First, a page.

If you are one of those guitar maniacs who play more than 4 or 5 hours a day, the battery will survive an entire year of playing.
What are the factors that can make the battery drain faster?
We have previously said that batteries should last around 3000 hours but some factors can make them last for less time.
For instance, if you leave your instrument plugged in while you are not playing, your battery will just last a month.
If you finish playing I recommend to unplugged the cable from the input jack.
What that does is cut off the pickups from any current and, in that way, the battery won’t drain so fast.
Moreover, the output level will also interfere with the duration of the batteries.
As we mentioned before, active pickups which convert sound into electronic signals, have a preamp that needs the power to function.
The volume of this signal is controlled by the knobs on the preamp.
Although this can be solved just by unplugging your instrument, you must know if you crank up the volume high, the battery will drain faster.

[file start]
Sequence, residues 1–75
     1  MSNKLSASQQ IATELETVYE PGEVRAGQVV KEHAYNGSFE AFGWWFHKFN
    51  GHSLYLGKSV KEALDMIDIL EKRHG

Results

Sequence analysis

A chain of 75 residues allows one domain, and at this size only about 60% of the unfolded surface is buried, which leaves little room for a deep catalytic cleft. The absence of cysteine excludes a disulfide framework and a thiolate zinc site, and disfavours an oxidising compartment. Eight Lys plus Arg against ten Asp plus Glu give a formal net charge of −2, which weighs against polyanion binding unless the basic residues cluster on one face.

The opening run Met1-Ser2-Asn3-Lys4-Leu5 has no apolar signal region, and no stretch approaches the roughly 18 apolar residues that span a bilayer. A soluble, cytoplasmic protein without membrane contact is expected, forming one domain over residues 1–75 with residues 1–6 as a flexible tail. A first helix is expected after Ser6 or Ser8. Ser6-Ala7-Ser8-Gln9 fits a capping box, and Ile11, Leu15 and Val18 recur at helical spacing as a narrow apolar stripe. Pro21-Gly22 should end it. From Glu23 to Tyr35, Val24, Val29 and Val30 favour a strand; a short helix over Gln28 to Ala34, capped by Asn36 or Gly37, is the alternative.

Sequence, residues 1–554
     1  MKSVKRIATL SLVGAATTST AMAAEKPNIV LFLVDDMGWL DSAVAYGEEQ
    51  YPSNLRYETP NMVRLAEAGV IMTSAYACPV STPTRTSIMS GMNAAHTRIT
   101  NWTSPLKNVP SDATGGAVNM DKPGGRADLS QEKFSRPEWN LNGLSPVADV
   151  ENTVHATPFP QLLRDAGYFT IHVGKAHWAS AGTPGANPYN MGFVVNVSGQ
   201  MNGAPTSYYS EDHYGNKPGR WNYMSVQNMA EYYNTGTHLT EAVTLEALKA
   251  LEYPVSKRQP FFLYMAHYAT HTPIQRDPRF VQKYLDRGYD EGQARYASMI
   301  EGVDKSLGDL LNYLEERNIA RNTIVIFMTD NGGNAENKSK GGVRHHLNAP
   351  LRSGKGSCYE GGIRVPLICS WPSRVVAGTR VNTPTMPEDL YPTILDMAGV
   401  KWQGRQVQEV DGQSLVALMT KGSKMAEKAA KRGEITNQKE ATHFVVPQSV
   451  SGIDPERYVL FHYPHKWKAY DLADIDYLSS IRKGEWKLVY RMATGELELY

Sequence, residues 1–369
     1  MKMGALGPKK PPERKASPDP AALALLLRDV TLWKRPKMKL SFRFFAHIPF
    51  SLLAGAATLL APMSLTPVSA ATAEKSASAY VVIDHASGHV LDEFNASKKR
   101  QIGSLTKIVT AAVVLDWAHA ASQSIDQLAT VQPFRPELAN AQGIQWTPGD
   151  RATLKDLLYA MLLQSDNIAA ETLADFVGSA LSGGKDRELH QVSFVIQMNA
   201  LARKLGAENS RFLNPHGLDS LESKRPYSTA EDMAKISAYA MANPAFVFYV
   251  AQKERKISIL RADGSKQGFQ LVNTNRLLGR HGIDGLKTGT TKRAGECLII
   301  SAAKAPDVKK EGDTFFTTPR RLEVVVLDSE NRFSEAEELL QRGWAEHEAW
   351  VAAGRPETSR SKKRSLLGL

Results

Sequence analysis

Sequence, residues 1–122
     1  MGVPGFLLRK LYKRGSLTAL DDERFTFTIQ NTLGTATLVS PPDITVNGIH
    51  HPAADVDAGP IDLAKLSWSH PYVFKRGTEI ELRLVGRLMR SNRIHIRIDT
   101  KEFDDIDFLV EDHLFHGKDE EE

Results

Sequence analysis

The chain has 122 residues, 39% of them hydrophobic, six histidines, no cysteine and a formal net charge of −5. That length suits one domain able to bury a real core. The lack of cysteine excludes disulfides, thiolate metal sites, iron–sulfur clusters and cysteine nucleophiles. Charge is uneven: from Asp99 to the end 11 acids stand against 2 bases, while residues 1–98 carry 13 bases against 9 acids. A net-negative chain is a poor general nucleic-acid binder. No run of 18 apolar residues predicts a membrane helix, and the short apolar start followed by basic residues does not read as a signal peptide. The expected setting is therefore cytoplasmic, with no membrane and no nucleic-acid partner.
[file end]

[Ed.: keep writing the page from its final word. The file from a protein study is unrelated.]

This may sound weird but the weather could also affect the lifetime of batteries.
Warmer temperatures cause the batteries to degrade faster so if your instrument rests in a place where the temperature can soar, the batteries will die earlier.
How could you make your pickup battery last longer?
Having discussed the former aspects, I would like to give you some useful tips to make your pickup battery last longer.
- Unplug your guitar when you are not using it.
- Keep the output volume low.
- Preserve your guitar in a dry, cool place. Keep it in your guitar case.
What happens if your active pickup battery dries up?
If you own a guitar or bass that uses active pickups, you do need to be aware of the batteries’ life.
If you use active pickups without battery power, you won’t get any signal to convert into sound.
Don’t worry because you will know that your batteries are running out long before they are dead.
If you pay attention to the instrument tone, you will be sure that something is going wrong.
The first thing that you will see if the batteries are discharged is a noticeable volume decay.
In addition, the sound will become kind of fuzzy and distorted but in a disgusting way.
After that, the volume will turn lower and in the end, it dies.
Are the batteries from active pickups rechargeable?
The more common batteries used for active pickups are 9v batteries.